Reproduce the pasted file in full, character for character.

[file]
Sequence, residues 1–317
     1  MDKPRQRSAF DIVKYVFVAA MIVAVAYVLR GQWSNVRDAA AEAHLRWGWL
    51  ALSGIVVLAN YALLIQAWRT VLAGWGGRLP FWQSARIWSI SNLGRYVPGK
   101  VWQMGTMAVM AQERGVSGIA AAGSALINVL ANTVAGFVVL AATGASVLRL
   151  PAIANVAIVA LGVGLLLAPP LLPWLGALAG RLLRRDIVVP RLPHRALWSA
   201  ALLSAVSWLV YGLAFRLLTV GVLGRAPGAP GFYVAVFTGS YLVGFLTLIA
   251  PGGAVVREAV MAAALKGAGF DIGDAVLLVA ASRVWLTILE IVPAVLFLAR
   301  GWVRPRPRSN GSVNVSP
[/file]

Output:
Sequence, residues 1–317
     1  MDKPRQRSAF DIVKYVFVAA MIVAVAYVLR GQWSNVRDAA AEAHLRWGWL
    51  ALSGIVVLAN YALLIQAWRT VLAGWGGRLP FWQSARIWSI SNLGRYVPGK
   101  VWQMGTMAVM AQERGVSGIA AAGSALINVL ANTVAGFVVL AATGASVLRL
   151  PAIANVAIVA LGVGLLLAPP LLPWLGALAG RLLRRDIVVP RLPHRALWSA
   201  ALLSAVSWLV YGLAFRLLTV GVLGRAPGAP GFYVAVFTGS YLVGFLTLIA
   251  PGGAVVREAV MAAALKGAGF DIGDAVLLVA ASRVWLTILE IVPAVLFLAR
   301  GWVRPRPRSN GSVNVSP